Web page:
Molli Petrey, 1, of Sterling tries to figure out why Lucille Adams, her great-great-grandmother, is playing with her pacifier during Adams' 100th birthday bash at Heritage Place in Soldotna on Sunday.
Photo by Joseph Robertia
Birthdays tend to lose their luster with people as they start to have fewer days ahead than behind, but there’s nothing old about celebrating a century of life, according to Lucille Adams of Soldotna.
Adams, born Nov. 15, 1905, marks a milestone today, although family and friends gathered at Heritage Place on Sunday for her 100th birthday bash.
“I feel like a million dollars,” Adams said at one point during the festivities.
She was lively, alert and even a little spunky during her birthday party, telling one gentleman that was ribbing on her, “Don’t tease me. I don’t take it very well,” and even scolding a great-great-grandchild who was speeding around the room by saying, “No running in the house, pumpkin.”
Her family and friends took photos, exchanged stories about her younger years and explained why Adams is so important to them.
“She’s the sweetest thing that ever lived,” said her daughter, Lila Mae Schroeder, who is 77 years old.
Tona Bravo, Adams’ 56-year-old granddaughter, ex-pressed similar sentiments.
“She is a wonderful woman and a perfect grandma,” she said.
“Without her, none of us would be here,” said Brandi Petrey, her 28-year-old great-granddaughter.
According to Bravo, who has traced her grandmother’s genealogy, Adams was born to Don and Lena Hayden in Lincoln, Neb., where she lived until she was 12.
Adams then moved to Washington, where she graduated from high school and met the love of her life, James Jackson Adams, whom she married Oct. 12, 1923.
In Washington, the newlyweds made their first home and saw the birth of two children Lila Mae and a son they named Jack Newell. Adams and her husband ran an apple orchard and later built a restaurant and gas station that they ran together until 1941.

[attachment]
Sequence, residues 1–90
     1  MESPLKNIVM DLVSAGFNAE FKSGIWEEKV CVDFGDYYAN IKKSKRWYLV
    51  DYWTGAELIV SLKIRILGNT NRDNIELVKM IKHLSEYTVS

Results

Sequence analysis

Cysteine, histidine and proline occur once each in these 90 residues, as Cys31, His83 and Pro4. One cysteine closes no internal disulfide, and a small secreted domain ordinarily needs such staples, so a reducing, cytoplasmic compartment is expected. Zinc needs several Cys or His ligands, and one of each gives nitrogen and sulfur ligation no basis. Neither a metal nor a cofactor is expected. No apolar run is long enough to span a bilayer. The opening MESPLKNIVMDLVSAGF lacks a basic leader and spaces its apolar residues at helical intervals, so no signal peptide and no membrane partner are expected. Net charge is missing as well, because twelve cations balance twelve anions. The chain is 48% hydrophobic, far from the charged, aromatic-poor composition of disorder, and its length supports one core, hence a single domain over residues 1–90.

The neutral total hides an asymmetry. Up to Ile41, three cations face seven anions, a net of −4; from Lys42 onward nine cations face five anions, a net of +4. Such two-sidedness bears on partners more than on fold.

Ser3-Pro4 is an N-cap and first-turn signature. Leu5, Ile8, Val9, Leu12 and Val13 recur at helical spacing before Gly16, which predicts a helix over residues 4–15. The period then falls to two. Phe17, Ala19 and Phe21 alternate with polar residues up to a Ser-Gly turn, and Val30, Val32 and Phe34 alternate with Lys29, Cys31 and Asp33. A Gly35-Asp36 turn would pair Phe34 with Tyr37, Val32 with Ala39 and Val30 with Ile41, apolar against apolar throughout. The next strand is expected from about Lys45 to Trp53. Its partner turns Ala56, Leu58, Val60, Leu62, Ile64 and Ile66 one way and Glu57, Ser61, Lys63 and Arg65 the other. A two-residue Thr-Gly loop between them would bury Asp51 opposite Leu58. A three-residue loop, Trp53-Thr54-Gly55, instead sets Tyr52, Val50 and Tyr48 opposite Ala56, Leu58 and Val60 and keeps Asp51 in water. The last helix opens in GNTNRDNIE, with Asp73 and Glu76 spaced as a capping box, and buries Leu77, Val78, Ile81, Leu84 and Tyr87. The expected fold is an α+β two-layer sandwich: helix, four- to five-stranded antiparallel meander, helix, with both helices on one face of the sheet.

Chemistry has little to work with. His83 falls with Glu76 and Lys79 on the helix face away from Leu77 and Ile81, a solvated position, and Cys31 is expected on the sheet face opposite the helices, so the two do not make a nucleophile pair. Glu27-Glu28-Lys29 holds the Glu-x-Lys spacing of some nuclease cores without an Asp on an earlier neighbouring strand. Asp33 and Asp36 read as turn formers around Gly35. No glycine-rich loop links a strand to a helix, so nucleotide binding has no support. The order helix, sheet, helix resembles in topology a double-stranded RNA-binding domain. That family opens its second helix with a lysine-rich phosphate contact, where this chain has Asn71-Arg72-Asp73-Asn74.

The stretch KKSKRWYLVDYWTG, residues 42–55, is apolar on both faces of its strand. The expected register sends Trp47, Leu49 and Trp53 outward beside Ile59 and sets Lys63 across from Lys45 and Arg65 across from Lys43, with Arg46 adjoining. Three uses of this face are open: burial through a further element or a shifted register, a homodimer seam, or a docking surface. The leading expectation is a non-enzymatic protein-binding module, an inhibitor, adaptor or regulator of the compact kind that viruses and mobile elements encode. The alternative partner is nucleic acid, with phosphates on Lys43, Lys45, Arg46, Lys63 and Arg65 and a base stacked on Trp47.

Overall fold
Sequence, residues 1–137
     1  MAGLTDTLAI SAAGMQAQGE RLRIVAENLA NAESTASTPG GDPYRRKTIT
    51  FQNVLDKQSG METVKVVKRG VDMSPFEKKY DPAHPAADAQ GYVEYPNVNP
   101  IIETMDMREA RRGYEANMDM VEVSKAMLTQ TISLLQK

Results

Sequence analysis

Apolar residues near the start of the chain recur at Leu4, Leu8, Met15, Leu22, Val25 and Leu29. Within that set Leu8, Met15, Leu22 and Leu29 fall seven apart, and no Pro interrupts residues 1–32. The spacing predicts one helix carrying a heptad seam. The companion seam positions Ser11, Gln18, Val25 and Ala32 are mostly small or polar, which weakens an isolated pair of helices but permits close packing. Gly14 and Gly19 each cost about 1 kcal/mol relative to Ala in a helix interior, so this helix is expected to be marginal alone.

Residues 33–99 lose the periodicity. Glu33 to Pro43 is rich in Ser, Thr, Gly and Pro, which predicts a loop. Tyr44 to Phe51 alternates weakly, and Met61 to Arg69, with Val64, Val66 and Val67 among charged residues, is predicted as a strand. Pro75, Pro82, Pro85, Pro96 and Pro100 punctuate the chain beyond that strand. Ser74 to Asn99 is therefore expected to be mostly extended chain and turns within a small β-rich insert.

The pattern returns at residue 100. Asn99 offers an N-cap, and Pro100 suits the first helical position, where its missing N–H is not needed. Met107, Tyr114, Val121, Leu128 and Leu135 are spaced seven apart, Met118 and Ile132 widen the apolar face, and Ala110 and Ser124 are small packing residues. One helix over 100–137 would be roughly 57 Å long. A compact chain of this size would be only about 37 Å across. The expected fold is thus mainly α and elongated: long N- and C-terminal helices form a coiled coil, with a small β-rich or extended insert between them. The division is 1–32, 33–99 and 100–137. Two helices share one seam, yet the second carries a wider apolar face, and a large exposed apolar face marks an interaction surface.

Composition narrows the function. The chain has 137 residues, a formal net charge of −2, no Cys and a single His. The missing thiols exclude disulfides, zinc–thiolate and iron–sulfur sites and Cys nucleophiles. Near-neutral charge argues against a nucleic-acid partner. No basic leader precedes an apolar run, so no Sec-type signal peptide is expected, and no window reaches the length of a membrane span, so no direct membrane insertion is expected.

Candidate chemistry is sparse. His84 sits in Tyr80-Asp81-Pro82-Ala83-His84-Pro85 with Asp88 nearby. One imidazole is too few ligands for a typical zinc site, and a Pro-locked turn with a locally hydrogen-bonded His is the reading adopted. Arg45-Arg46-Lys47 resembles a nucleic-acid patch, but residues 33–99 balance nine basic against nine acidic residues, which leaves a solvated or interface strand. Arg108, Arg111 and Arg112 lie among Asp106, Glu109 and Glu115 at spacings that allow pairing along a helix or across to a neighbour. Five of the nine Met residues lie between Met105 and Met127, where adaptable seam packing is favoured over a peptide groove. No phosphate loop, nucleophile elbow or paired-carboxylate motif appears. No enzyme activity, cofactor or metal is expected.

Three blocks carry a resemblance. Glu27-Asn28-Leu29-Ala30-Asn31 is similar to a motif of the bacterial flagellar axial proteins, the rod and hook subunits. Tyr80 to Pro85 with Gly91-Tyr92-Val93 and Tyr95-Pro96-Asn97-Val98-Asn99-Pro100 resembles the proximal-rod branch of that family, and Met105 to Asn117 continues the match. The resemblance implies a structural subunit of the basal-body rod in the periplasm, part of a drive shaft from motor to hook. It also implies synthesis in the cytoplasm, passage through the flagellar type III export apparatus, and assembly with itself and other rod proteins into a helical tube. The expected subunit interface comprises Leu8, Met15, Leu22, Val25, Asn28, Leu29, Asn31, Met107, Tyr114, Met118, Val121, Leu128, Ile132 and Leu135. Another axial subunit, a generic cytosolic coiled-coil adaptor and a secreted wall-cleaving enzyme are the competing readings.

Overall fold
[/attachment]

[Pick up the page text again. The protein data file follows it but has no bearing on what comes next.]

In 1947, they moved to Alaska for the first time, taking residence in Fairbanks, where Adams worked for the Northern Commercial Co., while her husband a carpenter by trade worked construction.
Their time in Alaska was brief as James was hired to help with the construction of the Grand Coulee Dam in Washington.
Alaska continued to call to them, though, and in 1950 they returned, living in Anchorage for two years before moving to make Kenai their home. James served as the superintendent for the building of Wildwood Station military base.
“Grandma always made a home for her and grandpa, no matter where she was. And she did so effortlessly,” Bravo said. “When grandpa built a house, she always did the painting on the inside.”
According to Bravo, it was good that Adams was so accepting of setting up a new home, since they moved quite often.
“Grandma always said Grandpa was planning another trip before they finished the one they were on,” she said.
The couple continued to travel in state, out of state and out of the country for several decades. After many trips and 67 years of marriage, James died, and in 1998 she moved to Alaska to live with her daughter.
“Grandma now resides at Heritage Place in Soldotna. Everyone there has been good to Grandma,” Bravo said.
“They love her over there,” Schroeder said.
As to the secret of Adams’ longevity, it would be difficult to attribute it to a wholly healthy diet, Bravo said.
“She said many times that she only eats meals so she can have dessert. Two of her favorite things are chocolate and peanut butter, and she’s eaten them almost every day,” Bravo said.
On Sunday their were “sweets for the sweet,” as one family member put it, and Adams even cut her own chocolate cake.
If not diet, Bravo pondered that perhaps instead it was her lifestyle that encouraged her long life.
“Grandma always loved working in her garden with her flowers. She loved to hunt and fish with family. Anything to do with family, she loves. Oh yes, and the babies always found there way to grandma’s arms,” Bravo said.
In addition to her two children, Adams has 12 grandchildren, 13 great-grandchildren and 12 great-great-grandchildren.
Bravo said Adams’ own grandmother died before she was born, so when she became a grandmother she wanted to be the best one she could be.
“She truly filled that quest,” Bravo said.
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